Dún Laoghaire (Irish pronunciation: [d̪ˠuːn̪ˠ ˈɫeːrʲə]) is a suburban coastal town in County Dublin, Ireland, about 12 km (7.5 miles) south of Dublin city centre. It is the county town of the Dún Laoghaire–Rathdown district. Formerly a major port of entry from Great Britain, it was known as Dunleary until 1821 when it was renamed Kingstown in honour of King George IV's visit that year, and in 1920 was given its present name, the original Irish form of Dunleary.
Restaurants in Dun Laoghaire
4.5 based on 325 reviews
Great place to take in the seas views and see the historic old port. Reveille at the hard work taken to build this massive feature. Lovely for a refreshing walk, if you dont get hit by the crowds of local power walking locals!
4.5 based on 235 reviews
Museum housed in a seaside tower that inspired the setting of the first chapter of Ulysses; features memorabilia and a fantastic view of the coast and the surrounding countryside.
We took some visiting South African clergy to visit the Tower and they found it fascinating. The Volunteer guides were so friendly and well informed. The view from the top of the Mortello tower is 360 degrees and quite amazing.
4.5 based on 410 reviews
Dun Laoghaire Harbour is a much-valued public amenity used by thousands of people each day for exercising and sight-seeing as well as the facilities provided for the sailing and yachting communities. The harbour is developed and maintained by the Dun Laoghaire Harbour Company who have a masterplan for the future development for the harbour believing that it can become a marine and leisure tourism destination of international calibre.
5 based on 71 reviews
Pavilion Theatre is the municipal theatre for Dun Laoghaire-Rathdown. Our aim is to be recognised as an outstanding performing arts venue through:*quality varied programming*artistic excellence*outstanding service to all artists*sound governance and financial management*a reputation as a centre of excellence for children's programmes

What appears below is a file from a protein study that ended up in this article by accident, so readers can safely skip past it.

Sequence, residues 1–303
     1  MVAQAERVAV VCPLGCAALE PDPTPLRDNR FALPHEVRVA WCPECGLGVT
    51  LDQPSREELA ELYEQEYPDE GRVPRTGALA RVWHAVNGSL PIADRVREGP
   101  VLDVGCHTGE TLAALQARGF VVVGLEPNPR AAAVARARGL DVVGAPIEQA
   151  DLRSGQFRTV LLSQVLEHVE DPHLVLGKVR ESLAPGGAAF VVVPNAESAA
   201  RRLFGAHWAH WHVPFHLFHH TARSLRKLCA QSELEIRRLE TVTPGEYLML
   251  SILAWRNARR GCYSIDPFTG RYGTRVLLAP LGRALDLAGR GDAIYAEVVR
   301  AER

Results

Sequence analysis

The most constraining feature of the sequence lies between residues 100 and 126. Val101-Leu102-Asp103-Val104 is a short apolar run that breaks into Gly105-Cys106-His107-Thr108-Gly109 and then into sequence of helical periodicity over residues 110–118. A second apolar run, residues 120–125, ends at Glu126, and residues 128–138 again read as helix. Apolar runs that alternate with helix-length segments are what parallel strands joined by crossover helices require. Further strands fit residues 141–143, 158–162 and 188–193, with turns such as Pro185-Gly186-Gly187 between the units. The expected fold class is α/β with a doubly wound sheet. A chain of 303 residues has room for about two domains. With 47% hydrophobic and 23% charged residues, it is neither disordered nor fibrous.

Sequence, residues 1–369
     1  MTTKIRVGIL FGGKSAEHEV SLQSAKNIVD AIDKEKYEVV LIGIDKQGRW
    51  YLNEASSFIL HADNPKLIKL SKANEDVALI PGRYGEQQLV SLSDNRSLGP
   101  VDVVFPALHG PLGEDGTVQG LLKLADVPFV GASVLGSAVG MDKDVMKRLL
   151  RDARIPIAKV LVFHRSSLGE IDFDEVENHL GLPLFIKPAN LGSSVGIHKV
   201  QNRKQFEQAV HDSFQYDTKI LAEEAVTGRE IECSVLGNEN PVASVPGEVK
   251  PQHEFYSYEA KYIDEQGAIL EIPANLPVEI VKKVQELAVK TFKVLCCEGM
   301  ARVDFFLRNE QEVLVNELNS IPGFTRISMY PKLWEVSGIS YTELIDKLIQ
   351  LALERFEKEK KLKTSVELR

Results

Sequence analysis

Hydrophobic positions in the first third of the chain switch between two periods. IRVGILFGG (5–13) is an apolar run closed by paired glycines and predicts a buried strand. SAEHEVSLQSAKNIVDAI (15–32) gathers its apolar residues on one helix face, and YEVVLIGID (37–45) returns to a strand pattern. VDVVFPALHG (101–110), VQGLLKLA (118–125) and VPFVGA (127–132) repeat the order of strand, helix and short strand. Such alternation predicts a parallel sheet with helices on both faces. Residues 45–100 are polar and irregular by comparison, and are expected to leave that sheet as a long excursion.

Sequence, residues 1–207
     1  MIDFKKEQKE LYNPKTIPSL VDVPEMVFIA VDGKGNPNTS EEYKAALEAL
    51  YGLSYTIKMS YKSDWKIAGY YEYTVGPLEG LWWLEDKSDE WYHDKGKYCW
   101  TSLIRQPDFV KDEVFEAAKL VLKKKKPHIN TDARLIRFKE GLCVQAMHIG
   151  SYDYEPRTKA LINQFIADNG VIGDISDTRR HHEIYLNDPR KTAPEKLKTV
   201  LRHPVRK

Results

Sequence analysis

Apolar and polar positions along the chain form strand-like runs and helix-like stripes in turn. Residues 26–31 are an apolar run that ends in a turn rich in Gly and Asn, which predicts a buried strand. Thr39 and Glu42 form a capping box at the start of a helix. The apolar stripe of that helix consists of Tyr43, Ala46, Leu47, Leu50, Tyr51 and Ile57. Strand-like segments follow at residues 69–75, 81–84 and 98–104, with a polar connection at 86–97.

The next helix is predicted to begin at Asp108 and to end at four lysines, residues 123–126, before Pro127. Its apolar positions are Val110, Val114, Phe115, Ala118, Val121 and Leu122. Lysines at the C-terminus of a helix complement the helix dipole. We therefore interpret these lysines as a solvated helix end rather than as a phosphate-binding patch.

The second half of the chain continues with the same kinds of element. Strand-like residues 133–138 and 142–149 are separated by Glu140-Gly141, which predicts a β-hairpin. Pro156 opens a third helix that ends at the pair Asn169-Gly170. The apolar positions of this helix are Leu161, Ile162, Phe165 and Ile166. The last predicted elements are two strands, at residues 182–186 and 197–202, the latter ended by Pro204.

We've always enjoyed events at the Pavilion in Dun Laoghaire. It's in a great location, the staff are friendly, the theatre is comfortable, and the events and author visits are always well run and entertaining. Our most recent visit was to see Bosco, and it was the first time I have been with our kids (5 and 3), though they had been before. It was so much fun to watch them react and interact with the legendary Bosco. The show was just over an hour, so a perfect length for young kids to keep their attention on it. We're all looking forward to our next visit.
4.5 based on 135 reviews
The museum is open everyday from 11am to 5pm. Admission €5, Family €12, unwaged €3. It is the primary collection of materials relating to Ireland's colourful maritime heritage, from ancient times through the golden ages of sail and steam, right up to the present day. The museum welcomes visitors, tours and groups from home and abroad. It is wheelchair accessible. Visit and experience exciting stories of seafarers from all around the world who navigated the waters surrounding our island nation.
I love all things nautical, and this museum was no stranger to that. When my family and I visited, they had the second floor closed for renovations so they gave us a discount on our admission. This little museum is full of great information about the history of the Irish seas. There are some fun interactive things to do throughout the museum that help you to understand the nautical world. The information is nicely laid out and easy to understand. There is a big light thing that spins around that is cool to look at. They have a great little gift shop as well. I'm not sure when they are going to have the second floor open, but I'm sure it will be cool to see. If you enjoy nautical history, you will enjoy this museum.